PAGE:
Is a “Standing” Meeting the Key to Team Creativity?


When someone tells you to “think on your feet,” they generally want you to be able to think fast, reacting quickly and effectively, especially in high pressure or fast-paced environments. You do not typically think of physically standing on your feet and thinking to increase creativity and collaboration.

However, research from Brookings Executive Education faculty and Washington University in St. Louis Olin Business School professors suggests that there may be more to the popular term than you think.

There are currently two general philosophies around the best way to best way to create a space that helps induce creativity and innovation among teams.

Thought 1:

Sedentary Space Design – suggests that a room should be made as comfortable as possible – a calm environment with soft chairs. A sedentary space allows group members to feel unrushed and safe to explore a variety of new ideas.

Thought 2:

Non-Sedentary Space Design – Advises removing all chairs to encourage group members to stand during meetings. Standing activates people and encourages a more vigorous exchange among them.

As the need for more creativity and innovation in the workplace continues to grow, the best way to bring creative energy out of teams is even more important. But can inspiring creativity be as simple as standing up? In their study, Associate Professors Markus Baer and Andrew Knight tackle these two traditional schools of thought on how the design of a room can promote an innovative work group.

Baer and Knight’s research suggests that less furniture in a workspace – specifically, the absence of chairs – fosters more creative performance by teams. It was expected that the groups standing would be more collaborative, but what was a bit more surprising was that the environment with no chairs also reduced the territorial ownership of ideas. What exactly does this mean? Without chairs people moved about freely, were more collaborative, open and less possessive of ideas generated during the session.

The next time you’re tasked with coordinating a team meeting to come up with the next big creative innovative idea for your agency, remove all of the chairs from the room. Your colleagues will undoubtedly be a little surprised by the move, but sometimes you need to try something new to get new and better results. It will be a little different and could very well be one of the best solutions to increase the creativity level and openness of the team (just remind everyone to wear comfortable shoes).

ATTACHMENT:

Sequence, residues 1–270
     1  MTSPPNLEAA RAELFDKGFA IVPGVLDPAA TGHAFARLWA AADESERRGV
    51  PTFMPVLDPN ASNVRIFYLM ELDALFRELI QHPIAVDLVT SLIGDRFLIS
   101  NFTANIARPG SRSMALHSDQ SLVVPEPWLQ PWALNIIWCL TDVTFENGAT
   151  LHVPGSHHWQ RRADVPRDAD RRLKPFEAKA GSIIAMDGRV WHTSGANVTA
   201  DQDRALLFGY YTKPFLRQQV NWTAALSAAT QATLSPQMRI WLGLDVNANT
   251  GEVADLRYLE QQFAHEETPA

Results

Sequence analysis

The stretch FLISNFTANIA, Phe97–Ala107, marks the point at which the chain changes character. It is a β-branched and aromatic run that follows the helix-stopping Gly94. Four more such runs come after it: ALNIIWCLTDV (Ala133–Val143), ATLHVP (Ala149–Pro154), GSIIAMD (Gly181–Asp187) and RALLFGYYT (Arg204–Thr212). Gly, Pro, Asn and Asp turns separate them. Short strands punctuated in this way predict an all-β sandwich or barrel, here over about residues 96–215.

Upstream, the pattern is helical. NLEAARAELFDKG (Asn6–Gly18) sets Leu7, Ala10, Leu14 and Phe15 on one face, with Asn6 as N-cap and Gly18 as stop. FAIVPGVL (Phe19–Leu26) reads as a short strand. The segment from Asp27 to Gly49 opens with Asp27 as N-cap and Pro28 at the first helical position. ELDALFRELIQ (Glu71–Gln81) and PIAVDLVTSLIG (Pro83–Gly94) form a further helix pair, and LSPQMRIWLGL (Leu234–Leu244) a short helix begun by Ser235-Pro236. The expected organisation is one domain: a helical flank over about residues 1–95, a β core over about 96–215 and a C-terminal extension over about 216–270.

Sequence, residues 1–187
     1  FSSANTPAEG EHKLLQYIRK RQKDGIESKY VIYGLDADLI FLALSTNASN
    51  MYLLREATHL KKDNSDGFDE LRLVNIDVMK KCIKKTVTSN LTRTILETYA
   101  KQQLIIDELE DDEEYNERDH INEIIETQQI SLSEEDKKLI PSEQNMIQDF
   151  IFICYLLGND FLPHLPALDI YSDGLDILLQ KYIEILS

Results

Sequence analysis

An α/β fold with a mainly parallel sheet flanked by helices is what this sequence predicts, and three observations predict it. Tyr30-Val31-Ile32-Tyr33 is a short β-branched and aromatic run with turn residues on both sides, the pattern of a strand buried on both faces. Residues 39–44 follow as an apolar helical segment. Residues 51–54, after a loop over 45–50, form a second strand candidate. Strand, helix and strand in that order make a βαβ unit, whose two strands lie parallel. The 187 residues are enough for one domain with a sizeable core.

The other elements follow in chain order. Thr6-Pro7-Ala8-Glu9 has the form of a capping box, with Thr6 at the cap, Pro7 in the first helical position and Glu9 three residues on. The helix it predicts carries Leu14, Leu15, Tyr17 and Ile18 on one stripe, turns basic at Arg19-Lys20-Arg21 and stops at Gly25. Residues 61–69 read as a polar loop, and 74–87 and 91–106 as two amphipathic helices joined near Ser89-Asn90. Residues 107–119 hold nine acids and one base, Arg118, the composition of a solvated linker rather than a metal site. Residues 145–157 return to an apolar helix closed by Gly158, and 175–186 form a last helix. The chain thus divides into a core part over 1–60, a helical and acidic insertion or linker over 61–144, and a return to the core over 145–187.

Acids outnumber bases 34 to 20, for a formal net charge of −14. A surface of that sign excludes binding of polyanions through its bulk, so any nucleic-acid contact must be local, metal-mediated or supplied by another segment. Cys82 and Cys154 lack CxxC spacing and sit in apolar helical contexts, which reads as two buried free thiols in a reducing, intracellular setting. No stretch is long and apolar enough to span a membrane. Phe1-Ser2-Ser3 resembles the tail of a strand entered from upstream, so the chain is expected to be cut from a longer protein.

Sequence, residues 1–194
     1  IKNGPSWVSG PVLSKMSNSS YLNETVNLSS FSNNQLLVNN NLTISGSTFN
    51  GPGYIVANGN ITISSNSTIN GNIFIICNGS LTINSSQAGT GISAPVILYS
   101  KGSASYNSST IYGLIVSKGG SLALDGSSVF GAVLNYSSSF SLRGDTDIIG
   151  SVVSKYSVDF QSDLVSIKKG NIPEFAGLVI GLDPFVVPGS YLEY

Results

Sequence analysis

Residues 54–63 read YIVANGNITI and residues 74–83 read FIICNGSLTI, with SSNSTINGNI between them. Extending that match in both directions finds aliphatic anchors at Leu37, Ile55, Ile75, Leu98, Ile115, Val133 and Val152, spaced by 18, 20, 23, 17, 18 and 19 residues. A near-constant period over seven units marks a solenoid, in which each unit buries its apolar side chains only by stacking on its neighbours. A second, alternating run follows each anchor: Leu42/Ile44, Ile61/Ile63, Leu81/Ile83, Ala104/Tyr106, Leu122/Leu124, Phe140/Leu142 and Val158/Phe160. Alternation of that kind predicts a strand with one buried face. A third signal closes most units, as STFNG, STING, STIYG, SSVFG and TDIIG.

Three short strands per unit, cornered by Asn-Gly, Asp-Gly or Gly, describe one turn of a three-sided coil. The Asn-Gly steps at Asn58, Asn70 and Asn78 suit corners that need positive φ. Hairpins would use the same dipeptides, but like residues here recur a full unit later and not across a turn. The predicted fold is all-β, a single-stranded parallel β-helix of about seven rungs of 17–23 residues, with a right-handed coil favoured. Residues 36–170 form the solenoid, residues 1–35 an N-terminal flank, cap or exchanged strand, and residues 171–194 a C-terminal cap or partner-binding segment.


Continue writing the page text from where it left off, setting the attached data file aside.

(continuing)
Key takeaways from the authors to those seeking to ramp up the level of creativity and innovation their offices:

  1. Workspace design mattes. Layout and types of furniture can encourage collaboration and drive creative output.
  2. Non-sedentary workspaces reduce territoriality, encourage group members to collaborate with each other, and, as a result, drive creativity.

The full article, “Get Up, Stand Up: The Effects of a Non-Sedentary Workspace on Information Elaboration and Group Performance”, appeared online in Social Psychological and Personality Science, June 12, 2014. Information is from Olin Faculty Research pages.

Markus Baer is an Associate Professor of Organizational Behavior, Olin Business School, Washington University and a Brookings Executive Education Instructor for Inspiring Creativity.

Andrew Knight is an Associate Professor of Organizational Behavior, Olin Business School, Washington University and a Brookings Executive Education Instructor for Creating High Performance Teams.

Kimberly Hall is part of the GovLoop Featured Blogger program, where we feature blog posts by government voices from all across the country (and world!). To see more Featured Blogger posts, click here.

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Kimberly Hall

I did, but it was for a small group (3). We gathered around the whiteboard and tossed out ideas for an upcoming campaign. It was definitely different and more engaging. However, that may have also been because we were all aware of the experiment. I will let you know when I have a chance to try it on an unsuspecting group. Or if you try it first, please let me know how it goes.

Juana Williams

Question. Once you remove the chairs, do you add tall “cocktail style” tables to encourage the ability to document ideas?

Kimberly Hall

Add cocktails? Great idea! Although the level of creativity may suffer. Or should I say useful the level of useful creativity may suffer.

We used a couple of white boards to capture ideas, but no cocktail tables to keep the space open.